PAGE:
Crossing Over: Methods For Climbing Mastery Curves

Basketball was never my strong suit growing up.

I remember playing when I was around ten years old in a recreational league. I dreaded handling the ball and continuously felt out of touch with the flow of the game. I used to hide behind other players, so our point guard, Richie, couldn’t beam a pass at me. Quite the competitive spirit, I know. It was clear from an early age that my basketball career would be shortlived.

My parents, unsure of how to drain me of my extra energy, so I wasn’t ravaging around the house like a Tasmanian tornado, decided to throw me in a pool and enroll me on a local swim team. It worked like a charm. I finally chilled out. Swimming was my go-to sport through college, but I stopped immediately after graduating. As most retired swimmers know all too well, it’s astonishingly miserable to jump back into a cold, foreboding pool after grinding out laps for countless years. I needed a new form of exercise.

So, after getting back into watching basketball with friends in my mid-twenties, I revisited the sport with a renewed sense of interest and devotion. Instead of shying away from how terrible I was, I dove into the deep end of the court. I started to enjoy the process of methodically progressing into a legitimate player. The more I played, the more the beauty of basketball slowly began to dawn on me — the rhythm, movements, coordination, repetition, endurance, and, most importantly, the sound of the net swishing behind a perfect shot. I was hooked.

But improvement didn’t happen overnight.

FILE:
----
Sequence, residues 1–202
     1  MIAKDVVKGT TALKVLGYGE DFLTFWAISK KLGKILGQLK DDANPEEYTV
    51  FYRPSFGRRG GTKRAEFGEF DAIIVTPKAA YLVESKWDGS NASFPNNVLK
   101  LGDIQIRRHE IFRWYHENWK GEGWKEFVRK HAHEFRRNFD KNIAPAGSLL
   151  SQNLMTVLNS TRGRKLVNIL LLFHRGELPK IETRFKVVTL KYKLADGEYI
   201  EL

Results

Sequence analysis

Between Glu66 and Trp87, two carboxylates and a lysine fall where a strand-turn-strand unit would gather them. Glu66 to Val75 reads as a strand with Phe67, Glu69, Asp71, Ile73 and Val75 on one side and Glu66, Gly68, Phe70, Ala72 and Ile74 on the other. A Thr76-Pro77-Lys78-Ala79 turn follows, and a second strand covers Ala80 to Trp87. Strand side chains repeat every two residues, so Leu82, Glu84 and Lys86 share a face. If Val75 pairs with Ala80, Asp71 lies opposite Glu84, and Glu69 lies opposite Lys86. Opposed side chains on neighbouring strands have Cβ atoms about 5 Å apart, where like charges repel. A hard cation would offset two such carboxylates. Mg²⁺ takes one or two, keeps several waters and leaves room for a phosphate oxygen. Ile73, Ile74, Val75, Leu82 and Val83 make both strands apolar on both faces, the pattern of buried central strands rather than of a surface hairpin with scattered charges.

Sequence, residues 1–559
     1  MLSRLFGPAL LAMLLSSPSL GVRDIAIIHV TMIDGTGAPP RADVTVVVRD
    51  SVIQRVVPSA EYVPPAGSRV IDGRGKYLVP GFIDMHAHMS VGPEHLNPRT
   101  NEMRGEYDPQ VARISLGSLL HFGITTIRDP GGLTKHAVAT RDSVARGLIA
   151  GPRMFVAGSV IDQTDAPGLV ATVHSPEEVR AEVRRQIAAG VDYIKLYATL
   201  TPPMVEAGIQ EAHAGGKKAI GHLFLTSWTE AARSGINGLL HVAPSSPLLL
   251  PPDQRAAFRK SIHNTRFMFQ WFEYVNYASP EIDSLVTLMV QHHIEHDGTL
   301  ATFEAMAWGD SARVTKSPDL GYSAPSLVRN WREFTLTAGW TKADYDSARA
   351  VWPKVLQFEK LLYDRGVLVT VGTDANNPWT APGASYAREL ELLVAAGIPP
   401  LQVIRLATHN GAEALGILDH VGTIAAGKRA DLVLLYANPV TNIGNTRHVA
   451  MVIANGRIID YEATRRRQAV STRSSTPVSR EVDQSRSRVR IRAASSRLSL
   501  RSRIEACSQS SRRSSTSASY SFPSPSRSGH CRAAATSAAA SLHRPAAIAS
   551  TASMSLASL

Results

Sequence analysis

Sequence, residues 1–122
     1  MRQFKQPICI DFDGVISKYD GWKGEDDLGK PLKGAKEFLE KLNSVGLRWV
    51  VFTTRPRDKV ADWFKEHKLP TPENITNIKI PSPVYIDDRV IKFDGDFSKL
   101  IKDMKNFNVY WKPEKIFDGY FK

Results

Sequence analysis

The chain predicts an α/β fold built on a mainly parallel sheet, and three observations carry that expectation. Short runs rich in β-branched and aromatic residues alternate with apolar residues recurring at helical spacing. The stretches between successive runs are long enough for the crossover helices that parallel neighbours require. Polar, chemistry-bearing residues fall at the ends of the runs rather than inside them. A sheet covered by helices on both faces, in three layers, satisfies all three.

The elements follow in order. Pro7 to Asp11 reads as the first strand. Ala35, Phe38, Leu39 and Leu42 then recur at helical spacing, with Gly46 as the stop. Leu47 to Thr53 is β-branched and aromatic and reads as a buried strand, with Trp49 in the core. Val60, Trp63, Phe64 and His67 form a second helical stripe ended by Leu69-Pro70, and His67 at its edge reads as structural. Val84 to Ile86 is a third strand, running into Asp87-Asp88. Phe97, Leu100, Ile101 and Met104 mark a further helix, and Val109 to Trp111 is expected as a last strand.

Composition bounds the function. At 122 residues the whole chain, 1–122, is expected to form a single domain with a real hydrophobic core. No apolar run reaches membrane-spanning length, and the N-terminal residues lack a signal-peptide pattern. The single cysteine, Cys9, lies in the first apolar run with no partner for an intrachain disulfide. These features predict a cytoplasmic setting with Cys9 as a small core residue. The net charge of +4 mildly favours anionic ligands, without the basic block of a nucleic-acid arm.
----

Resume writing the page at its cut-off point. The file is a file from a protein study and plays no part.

It took years for me to notice even a fraction of a difference in my skillsets. My ball-handling skills were non-existent, my shot was painfully inconsistent, and the only thing I had going for me was my defensive tenacity (which is what players with no offense typically hang their hat on).

I was awkward and clumsy on the court, to the point where I felt out of place. I couldn’t help but flashback to those painful memories of basketball in my youth, but my newfound obsession never wavered. I hung tight and continued to show up to the courts every single day.

I became obsessive about this one workout, consisting of five to six sets of twenty made-shots (makes). Each group of twenty makes were comprised of different ranges, a varied selection of moves, and fluctuated in their intensity (some involved explosive movements while others focused solely on shot repetition). The workout lasts as long as it takes to complete each subsequent set.

Small, incremental improvements became intoxicating. They kept calling me back time and time again. The comfort I felt on a basketball court now compared to a few years ago was astounding to me, mainly because I genuinely didn’t feel like I had what it took improve at something that had once been so foreign and intimidating.

The basketball court started to feel like a second home.

The result nearly two years after first adopting this routine has been pleasantly surprising and reconfigured my relationship to earned achievement and competence — which brings me to why I’m writing this:

My long-term obsession with basketball has become my model for approaching progression of any kind. More and more, I find myself overlaying my basketball mindsets and methods (which I’ll outline throughout the rest of this article) on top of other areas in my life where I could use some help systematizing my improvement.

After pondering and parsing the core tenets that have led to my marked improvement, I’m going to unpack them and show how they apply to other areas of life.

Repeatable, Simple Actions